Debates triggered as university entrance exam scores hit record

Hanoi resident Nguyen Phung Hung didn’t get into his first choice university, Hanoi Medical University, despite a high score of 29.25 points in the national high school exam. The number of top scorers was so high that admissions officials even had to add more criteria to facilitate their selections.

Nguyen Phung Hung, a Hanoian student, was not admitted to his first choice university, Hanoi Medical University, despite a high score of 29.25 points in the national high school exam. The number of top scorers was so high that admissions officials even had to add more criteria to facilitate their selections.

Debates triggered as university entrance exam scores hit record

High school graduates complete their applications to HCM City University of Technology. (source: VNA)

Hung was one of many students who scored high on this year’s national high school exams - that also serve as university entrance tests - but were still not admitted to their school of choice.

Associate Professor Nguyen Ngoc Khoi, head of the training department of HCM City Medical University said, “We predicted admission scores would be high. But the admission council was still surprised. The highest score was 32. It shows the tests this year did not classify students well. In fact, many students got maximum score (30) or 29.25. We had to use two extra criteria for admission.”

The university’s minimum score for the general practitioner major was set at the highest level of 29.25, 2.5 marks higher compare to last year. The lowest admission score was set at 22.25 for the public health major.

Pham Tan Ha, vice principal of the University of Social Science and Humanity under HCM City’s National University said that this year, multiple choice tests were used for the first time in all subjects except literature, making it easy for students to get high scores.

This year, for the first time also, Ministry of Education and Training allowed candidates to apply to as many as universities as they want.

However, candidates would have to list their priorities in order, so if they failed to get into their top choice university, they would be considered for the second option.

This has caused overloaded number of registration for some majors. In National Economic University, for example, 60,000 faculty options were registered by more than 29,000 candidates.

The admission scores in this university also hit record highs. 14 out of 25 faculties accept candidates with 25 marks and above. International economics and Accounting are two majors requiring the highest entrance score of 27, a surge of 1.5 mark compared to last year.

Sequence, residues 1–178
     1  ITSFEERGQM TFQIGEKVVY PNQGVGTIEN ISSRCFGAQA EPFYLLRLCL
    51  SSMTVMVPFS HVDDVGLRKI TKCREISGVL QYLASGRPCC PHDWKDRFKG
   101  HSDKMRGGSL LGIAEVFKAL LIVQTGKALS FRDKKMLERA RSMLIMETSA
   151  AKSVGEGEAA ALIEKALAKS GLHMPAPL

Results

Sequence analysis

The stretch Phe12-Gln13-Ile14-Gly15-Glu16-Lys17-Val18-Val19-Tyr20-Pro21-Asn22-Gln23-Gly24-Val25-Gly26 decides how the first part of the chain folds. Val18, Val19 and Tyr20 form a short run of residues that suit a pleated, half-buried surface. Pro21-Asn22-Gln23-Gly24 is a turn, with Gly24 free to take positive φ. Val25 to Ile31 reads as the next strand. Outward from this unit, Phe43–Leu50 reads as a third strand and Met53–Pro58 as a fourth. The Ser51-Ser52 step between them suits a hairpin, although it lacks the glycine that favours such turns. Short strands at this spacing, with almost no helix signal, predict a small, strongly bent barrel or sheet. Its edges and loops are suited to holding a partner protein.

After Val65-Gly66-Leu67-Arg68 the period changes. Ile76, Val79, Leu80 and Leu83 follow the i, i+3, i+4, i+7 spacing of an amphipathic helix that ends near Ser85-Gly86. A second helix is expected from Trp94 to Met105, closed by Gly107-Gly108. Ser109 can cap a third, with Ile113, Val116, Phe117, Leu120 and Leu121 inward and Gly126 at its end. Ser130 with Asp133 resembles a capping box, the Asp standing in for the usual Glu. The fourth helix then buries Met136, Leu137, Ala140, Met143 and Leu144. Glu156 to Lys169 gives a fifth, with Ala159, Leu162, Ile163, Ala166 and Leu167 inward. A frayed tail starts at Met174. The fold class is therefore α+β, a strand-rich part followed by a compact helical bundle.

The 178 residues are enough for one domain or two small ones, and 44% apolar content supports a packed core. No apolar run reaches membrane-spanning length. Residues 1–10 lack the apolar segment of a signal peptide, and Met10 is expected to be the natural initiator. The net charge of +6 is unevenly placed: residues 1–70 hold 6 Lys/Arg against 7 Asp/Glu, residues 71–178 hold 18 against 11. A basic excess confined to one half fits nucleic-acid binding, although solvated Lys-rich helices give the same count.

Due to the high scores this year, several universities have to refer to extra criteria besides admission scores.

Extra marks still work?

According to the exam rules, priority marks are given to candidates from rural, mountainous and disadvantaged areas and children of war invalids and martyrs. These marks range from 0.5 to 1.5 depending on the region.

Many educational experts proposed that region priority marks should be removed in the context of high scores this year. Others said that to ensure equality between rural and urban students, each school should set admission quota, for example, 80 per cent rural students and 20 per cent urban students.

Another opinion suggested that region priority marks are a good policy and should be maintained. However, the marks should be reduced to ensure equality, said Vu Khac Ngoc, a chemistry teacher in Hanoi.

/// Ảnh: Đào Ngọc Thạch

According to Deputy Minister of Education and Training Bui Van Ga, only one per cent among 4,000 majors have admission scores that surpass 30. (source: Thanhnien News)

Ngoc also added that nowadays, training and studying methods in localities have changed. Students can learn online and exams are held locally, which shrinks the gaps between rural and urban areas education.

“If we keep adding scores, candidates in urban areas will struggle to get into top universities. We will see a wave of “migration” as Hanoi’s students move to Thai Binh, Hai Phong while Thai Binh, Hai Phong students flock to Hanoi to study medicine,” he said.

According to Deputy Minister of Education and Training Bui Van Ga, only one per cent among 4,000 majors get admission scores that surpass 30.

“The (added mark) regulation specifies priority policy of the Party and State for candidates in disadvantaged areas. When this policy changes, added marks will also be adjusted. For example, if provinces which used to be in the disadvantaged list become more developed and be removed from the list, added scores for these localities will be deducted.”

Meanwhile, Nguyen Thi Kim Phung, Head of the Ministry of Education and Training’s Higher Education Department said that admission scores this year are not abnormal. Candidates who score full mark (30) but still fail for their first option were rare cases.

“We cannot look at this case to assess the whole exam,” she said./.

( VNF/VNA )

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